This source of error might well be number one on the list because of its importance in the early stages of cost estimating. Visiting the proposed site of the project enables the cost estimator to inspect topography, check the soil by boring if necessary, determine if protection of adjacent properties will be needed, and check distances to railroad sidings, supply centers, and the proximity to sources of labor. If existing structures have to be demolished or removed from the premises, the estimator is able to properly determine the probable cost.The cost of hauling materials, supplies, machinery, and equipment to a project can be a very expensive item in an estimate. Access to the job site may be difficult because of poor roads or no roads, heavy traffic to and from supply sources, or the requirement to obtain permits, and so forth.Cost estimates and bids on construction projects are subject to local, state and federal building codes, permits, and inspections. A contractor who is accustomed to working on projects that require high quality workmanship may not be set up to bid or estimate projects of mediocre, low grade workmanship. Conversely, a contractor who usually works on cheap structures is frequently at a disadvantage when it comes to bidding on the construction of upscale residences or commercial buildings where only the finest quality of workmanship is acceptable. Failure to give proper consideration to the quality of workmanship a project warrants can lead to overestimating or underestimating.Sometimes items such as scaffolding, ramps, and guardrails, are left out of an estimate on the assumption that their cost is relatively minor and can be absorbed in the overall bid. On small projects a contractor may gamble on his workers handling such items routinely. This can be a costly error. Subcontractors often prepare their cost estimates from the plans and specifications without the guidance or supervision of the general contractor. They take off details and include all of the items they assume to fall within their particular trade. As a result there frequently is overlapping with the work of the general contractor or other subcontractors.The owner looks to the general contractor for the completion of the work in compliance with the plans and specifications. The owner does not look to the subcontractors. It is very important that the estimates of subcontractors are carefully reviewed to be sure they comply with the plans and specifications.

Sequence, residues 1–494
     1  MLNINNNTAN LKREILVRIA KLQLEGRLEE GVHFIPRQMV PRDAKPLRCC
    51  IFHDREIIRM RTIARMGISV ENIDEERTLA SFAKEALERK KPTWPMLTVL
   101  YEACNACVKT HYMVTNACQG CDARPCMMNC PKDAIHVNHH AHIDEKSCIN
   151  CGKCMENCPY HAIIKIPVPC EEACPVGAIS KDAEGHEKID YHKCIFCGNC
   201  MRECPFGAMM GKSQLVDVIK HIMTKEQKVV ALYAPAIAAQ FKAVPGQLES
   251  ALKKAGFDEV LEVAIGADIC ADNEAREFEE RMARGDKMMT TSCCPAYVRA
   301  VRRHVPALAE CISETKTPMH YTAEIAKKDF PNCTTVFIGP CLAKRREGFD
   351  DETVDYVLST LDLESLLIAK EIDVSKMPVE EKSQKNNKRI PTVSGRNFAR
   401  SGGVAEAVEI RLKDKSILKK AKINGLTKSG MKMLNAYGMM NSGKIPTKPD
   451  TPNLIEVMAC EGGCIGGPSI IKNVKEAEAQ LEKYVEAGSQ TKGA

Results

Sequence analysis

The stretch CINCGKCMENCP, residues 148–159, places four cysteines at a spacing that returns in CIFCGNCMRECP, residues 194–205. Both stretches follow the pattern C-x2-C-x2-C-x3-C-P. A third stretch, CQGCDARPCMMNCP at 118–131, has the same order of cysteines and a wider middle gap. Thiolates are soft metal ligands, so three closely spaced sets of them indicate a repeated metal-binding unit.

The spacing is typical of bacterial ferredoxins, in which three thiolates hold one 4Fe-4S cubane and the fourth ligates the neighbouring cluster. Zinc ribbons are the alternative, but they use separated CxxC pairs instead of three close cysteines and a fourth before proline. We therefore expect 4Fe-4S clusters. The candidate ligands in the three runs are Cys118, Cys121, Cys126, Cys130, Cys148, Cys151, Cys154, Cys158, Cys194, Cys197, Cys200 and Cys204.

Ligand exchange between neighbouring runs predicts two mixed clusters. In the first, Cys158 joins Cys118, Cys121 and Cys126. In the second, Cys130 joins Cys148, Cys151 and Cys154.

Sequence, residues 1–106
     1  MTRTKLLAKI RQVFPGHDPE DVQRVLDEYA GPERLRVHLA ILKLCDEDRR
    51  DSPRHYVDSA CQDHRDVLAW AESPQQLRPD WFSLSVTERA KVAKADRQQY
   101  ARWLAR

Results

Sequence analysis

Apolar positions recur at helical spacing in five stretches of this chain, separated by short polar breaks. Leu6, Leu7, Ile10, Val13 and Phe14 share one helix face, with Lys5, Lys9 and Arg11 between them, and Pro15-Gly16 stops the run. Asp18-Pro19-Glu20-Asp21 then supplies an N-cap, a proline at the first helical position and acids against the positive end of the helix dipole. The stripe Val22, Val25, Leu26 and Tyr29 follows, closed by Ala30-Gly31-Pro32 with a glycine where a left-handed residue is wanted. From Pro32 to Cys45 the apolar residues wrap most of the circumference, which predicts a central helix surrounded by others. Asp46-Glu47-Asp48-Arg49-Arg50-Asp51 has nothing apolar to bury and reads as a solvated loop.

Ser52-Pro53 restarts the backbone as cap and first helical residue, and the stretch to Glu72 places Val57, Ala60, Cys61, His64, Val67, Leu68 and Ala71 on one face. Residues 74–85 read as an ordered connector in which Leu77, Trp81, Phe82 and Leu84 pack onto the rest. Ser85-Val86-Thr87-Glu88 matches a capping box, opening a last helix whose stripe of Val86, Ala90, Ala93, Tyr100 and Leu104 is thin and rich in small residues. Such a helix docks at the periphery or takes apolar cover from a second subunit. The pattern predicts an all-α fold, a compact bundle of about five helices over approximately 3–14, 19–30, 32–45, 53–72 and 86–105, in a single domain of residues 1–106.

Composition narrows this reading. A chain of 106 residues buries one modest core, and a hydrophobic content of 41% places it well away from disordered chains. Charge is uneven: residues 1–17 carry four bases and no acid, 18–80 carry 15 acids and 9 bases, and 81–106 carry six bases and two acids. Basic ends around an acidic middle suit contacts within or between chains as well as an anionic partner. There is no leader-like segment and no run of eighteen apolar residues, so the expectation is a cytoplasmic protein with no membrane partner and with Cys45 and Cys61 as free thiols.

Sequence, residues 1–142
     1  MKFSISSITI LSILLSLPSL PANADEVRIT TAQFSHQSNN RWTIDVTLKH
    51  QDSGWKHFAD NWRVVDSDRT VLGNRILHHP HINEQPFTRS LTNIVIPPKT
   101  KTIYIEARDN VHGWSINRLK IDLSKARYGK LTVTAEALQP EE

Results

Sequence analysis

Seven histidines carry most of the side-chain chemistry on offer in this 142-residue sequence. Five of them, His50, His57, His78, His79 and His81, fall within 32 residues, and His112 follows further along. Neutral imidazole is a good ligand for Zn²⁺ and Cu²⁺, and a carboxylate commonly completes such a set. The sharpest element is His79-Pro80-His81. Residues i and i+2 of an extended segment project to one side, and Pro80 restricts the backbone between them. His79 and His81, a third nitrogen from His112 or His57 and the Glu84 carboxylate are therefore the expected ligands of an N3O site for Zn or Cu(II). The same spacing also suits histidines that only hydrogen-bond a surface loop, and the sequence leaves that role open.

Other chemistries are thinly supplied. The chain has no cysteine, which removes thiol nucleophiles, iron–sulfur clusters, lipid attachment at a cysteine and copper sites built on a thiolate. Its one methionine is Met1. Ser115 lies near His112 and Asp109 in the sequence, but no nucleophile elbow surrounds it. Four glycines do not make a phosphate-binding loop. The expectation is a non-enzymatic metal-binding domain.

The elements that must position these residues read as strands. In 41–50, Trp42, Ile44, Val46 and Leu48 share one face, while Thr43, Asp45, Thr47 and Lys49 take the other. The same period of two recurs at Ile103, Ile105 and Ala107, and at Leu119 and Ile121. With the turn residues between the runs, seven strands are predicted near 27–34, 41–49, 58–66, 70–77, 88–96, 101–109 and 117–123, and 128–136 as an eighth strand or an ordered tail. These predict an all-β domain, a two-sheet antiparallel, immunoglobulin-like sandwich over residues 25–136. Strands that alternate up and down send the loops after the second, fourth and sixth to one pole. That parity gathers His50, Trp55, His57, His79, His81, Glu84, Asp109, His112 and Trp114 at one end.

Taking shortcuts when making an estimate can be risky. Often there is a temptation to take shortcuts when under pressure because of time-limit in which to complete the cost estimate or because of a heavy backlog of work. Shortcuts take the form of guesstimating, using square feet or cubic foot costs in place of details, and using lump sum figures picked out of the air, all of which have inherent risks. Not Allowing for Realistic Contingencies: Some construction projects may have inherent and unusual problems that should be recognized when the cost estimate is being prepared. Failure to make the allowances or contingencies may result in not getting the contract or losing money if awarded the contract. These contingencies include severe winter weather conditions, or extremely hot and humid climates. The project may be located in an area of the country subject to heavy rainfall. Justifications for a realistic contingency include anticipated labor troubles, material shortages, or political problems.A opposed to making allowances for realistic contingencies, it is poor policy to make flat allowances for contingencies without good reasons, particularly when competition is strong.
No one should put together a project schedule without knowing Critical Path Method concepts such as forward and backward pass, free float and total float. Many schedulers use the 8/80 rule, which stipulates that a task should not take fewer than eight hours or more than 80. As a best practice of construction scheduling, Lukas recommended using the 20/80 rule instead, as that cuts down on the number of tasks. Another option here is to create a sub-project schedule (such as a detailed design schedule) that is linked to the project schedule, Lukas said. Many dependent activities are programmed with a start-to-start lag when, in fact, they should have a finish-to-finish lag. Why? Let's say Task A takes four days and Task B takes five days but starts when Task A is 50% complete. If a scheduler assigns a start-to-start dependency, Task B will start on Day 3 even if Task A has been delayed for a week. With a finish-to-finish dependency, on the other hand, Task B will be set to finish three days after Task A, as it should, no matter what happens. A common error of construction scheduling is that, with the exception of Project Start and Project Complete, all tasks need at least one predecessor and one successor. To combat this, Lukas said, add a Successor column to a schedule's Gantt chart and scan it, as well as the Predecessor column, for any missing links.